Made our way south to Desenzano at the bottom of Lake Garda.
We arrived at our camp spot just in the nick-of-time, as fellow campers scrambled to bring in their awnings and chairs before the heavens opened. The weather so far in Italy has been very hot and humid, overnight temperatures of 22 degrees and high humidity makes sleeping in the van pretty uncomfortable. It also makes for perfect thunderstorm conditions and we were treated to an immense one last night. Lightning lit up the sky all around like bright white fireworks and booms of thunder so close they shook the van.
Walking the medieval streets of Malcesine.
Spent the night in a nice campsite underneath some olive trees. The climate around lake Garda is close to that of the Mediterranean, stinking hot! Ideal for growing olives and attracting German tourists apparently.
On the schedule for this afternoon, a refreshing dip in the lake.
Lake Garda 🌞🔥🌞
Quick stop for coffee and a snack before making our way further south to Lake Garda.
What a week in a truly special place. As I listen to the pitter patter of the rain on the roof and the distant rumblings of the thunder storm that has passed through, the struggle to get out from under the covers and get back on the road is very real. We've enjoyed some great hiking, white water rafting, fantastic food and drink and some famous Italian hospitality. A taster for what these mountains have to offer, leaving us with an appetite for more.
The week in numbers: 50.6 Km's walked (31 miles) 538 floors of elevation climbed from a minimum height of 1264m above sea level. Highest elevation 2,658m above sea level. I think even Sir Edmund would be pretty pleased with that effort.
Sunday's don't get much better than this.
Started off slowly, the usual breakfast and coffee routine. Later a short walk down the street to a lovely cafe for Sunday lunch from the grill. Home for an afternoon siesta. Then for dinner a 45 minute hike up the hill and through the forest to get to Malga Alta, a beautiful dairy farm/bar & restaurant that you can only get to by foot. At 1548m the views across the valley are absolutely stunning and the food, Bellissimo! Such great hospitality, although the language barrier was a slight challenge, we were well looked after. 10/10 experience 👌🏽
Lago Di Caprioli
Arrived to the house in the Dolomites where we'll be staying for the next week. After a frenetic couple of weeks, going through countries and cities at a blistering pace, we are really looking forward to stopping for a week and enjoying ourselves.
Stopped for lunch in Bolzano. Got some cheese from the market and had a wander around. Lovely spot.
Not a bad view to wake up to.
🇮🇹 Now we're in Italy!
We've got a great spot above the Mecca of Italian cycling - Corvara. Opening the back doors we are faced with the looming peaks of the Dolomites of the Alta Badia region. Avoiding the autostrada from Austria meant driving on some pretty windy and narrow roads, not the most fun in a 3.5 tonne van, next time I'll be sure to take the Porsche.
First we went and checked out the Bergisel Olympic ski facility, an impressive structure designed by Zaha Hadid. So we arrive and it's 2.60 just to park for an hour. It then cost me an additional 1 euro to use the toilet. A toilet which had no seat, toilet paper so thin it was molecularly closer to air than to paper, and no water or hand drying facilities. Not a great start. We walked a loop around to a panoramic viewpoint (not that special) then to the entrance of the ski slope, which costs 9.50 each for the two minute ride to the top and no option to walk the 320 steps for less. We decided to give that a miss. 1/10 for the whole experience, would not recommend it if you're ever in Innsbruck.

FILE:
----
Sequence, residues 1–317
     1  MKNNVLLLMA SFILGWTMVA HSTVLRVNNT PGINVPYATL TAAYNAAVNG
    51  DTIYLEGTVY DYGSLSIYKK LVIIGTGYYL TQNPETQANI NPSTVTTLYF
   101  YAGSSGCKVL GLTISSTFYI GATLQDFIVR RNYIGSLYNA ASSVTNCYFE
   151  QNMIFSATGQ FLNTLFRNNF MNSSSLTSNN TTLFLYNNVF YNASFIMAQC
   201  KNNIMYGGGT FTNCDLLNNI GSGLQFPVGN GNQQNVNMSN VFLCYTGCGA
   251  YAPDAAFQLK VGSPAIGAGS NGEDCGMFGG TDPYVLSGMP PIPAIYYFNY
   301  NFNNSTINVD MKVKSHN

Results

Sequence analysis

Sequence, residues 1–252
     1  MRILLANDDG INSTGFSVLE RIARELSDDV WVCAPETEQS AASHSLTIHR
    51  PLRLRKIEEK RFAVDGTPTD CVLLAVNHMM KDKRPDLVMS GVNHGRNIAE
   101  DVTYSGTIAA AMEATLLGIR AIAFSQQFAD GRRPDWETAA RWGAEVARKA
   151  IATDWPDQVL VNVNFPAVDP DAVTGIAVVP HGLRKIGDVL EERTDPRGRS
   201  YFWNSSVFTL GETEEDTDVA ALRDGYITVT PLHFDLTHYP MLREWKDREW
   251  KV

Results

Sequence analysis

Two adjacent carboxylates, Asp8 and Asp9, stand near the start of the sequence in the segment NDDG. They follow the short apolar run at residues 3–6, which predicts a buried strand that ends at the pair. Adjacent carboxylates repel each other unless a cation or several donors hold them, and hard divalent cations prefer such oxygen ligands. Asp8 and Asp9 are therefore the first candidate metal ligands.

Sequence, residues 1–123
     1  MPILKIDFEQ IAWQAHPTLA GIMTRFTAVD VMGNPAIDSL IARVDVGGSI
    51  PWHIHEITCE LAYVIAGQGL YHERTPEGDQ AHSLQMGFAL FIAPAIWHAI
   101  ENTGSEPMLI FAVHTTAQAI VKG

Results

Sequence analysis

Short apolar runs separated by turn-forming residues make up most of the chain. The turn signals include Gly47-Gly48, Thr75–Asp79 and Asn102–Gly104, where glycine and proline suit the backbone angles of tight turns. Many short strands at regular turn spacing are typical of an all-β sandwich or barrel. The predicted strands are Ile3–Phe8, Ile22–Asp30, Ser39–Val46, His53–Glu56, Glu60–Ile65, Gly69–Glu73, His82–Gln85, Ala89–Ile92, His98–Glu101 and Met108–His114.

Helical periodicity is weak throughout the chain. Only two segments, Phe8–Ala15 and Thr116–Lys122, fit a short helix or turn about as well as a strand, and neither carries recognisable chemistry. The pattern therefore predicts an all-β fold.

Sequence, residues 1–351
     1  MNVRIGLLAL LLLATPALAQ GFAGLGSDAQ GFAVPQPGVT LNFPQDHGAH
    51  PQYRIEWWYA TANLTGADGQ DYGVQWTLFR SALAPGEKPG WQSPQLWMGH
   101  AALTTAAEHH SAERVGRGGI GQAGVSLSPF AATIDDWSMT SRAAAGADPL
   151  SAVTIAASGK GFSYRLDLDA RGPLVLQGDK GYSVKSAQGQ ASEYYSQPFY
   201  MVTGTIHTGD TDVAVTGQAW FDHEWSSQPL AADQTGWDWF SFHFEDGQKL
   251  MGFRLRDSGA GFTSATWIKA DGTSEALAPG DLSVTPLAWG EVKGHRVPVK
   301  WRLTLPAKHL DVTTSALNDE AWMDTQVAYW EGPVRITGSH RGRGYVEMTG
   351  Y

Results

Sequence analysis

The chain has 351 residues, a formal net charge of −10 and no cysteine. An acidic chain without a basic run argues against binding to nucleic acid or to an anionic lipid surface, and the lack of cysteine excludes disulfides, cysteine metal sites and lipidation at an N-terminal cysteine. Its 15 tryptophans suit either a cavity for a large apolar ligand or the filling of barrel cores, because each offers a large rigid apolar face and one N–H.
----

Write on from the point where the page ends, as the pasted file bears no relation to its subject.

We then spent the rest of the morning wandering in the city stopping for some coffee and cake (pictured). Seems like a cool city that's set up to cater for enthusiasts of mountain sports. There is a great public transport system that can take you from the city centre all the way up to the highest peak in the valley, unfortunately the low clouds meant there were no spectacular views to be had so we didn't bother. Overall pretty cool but would be better visiting in the winter on a ski trip I reckon.
Made it to Austria. We are parked up in a great spot, with an awesome view and the sound of the goats bells ringing around the hills. Overlooking a town called Schwaz, 28kms from Innsbruck, where we will head tomorrow.
Watched a few of the locals at Munich's infamous inner city surf spot. Looked pretty fun, and gnarly (that means scary for those who aren't familiar with the term). Very cool city with plenty of culture and cool spots but with fewer tourists than other cities we've been to. The Bavarians have it pretty sorted, a love for football, and a healthy balanced diet; sausages, bread and beer, which is all acceptable to consume before midday. Next stop, Austria.
🇩🇪 Place to stay with a cool backdrop.
Stopping in Pilsen for coffee and to pick up some supplies (beer) before continuing towards Munich.
We got up early and drove to Prague, eventually finding our way into the city after several wrong turns on the confusing spaghetti of roadways. Camped at a campsite on an island in the river, about a 30min walk to the city centre. We spent the day hiking around the city, battling the enormous crowds to take in the beautiful architecture. By the time we got back to camp we had taken over 25,000 steps, climbed over 26 stories and walked 17.3kms. We sampled a couple of the local beers which were delicious, and very cheap but after a long day of walking in the sun and perhaps not drinking enough H2O we were both feeling rather worse for wear last night.
Long drive towards the border in some torrential downpours. We were a bit reluctant to get back on the road after a few nice days of relaxing and not having to drive anywhere. We've stopped short of actually crossing the border into the Czech Republic, as we'll be getting up early to drive to Prague.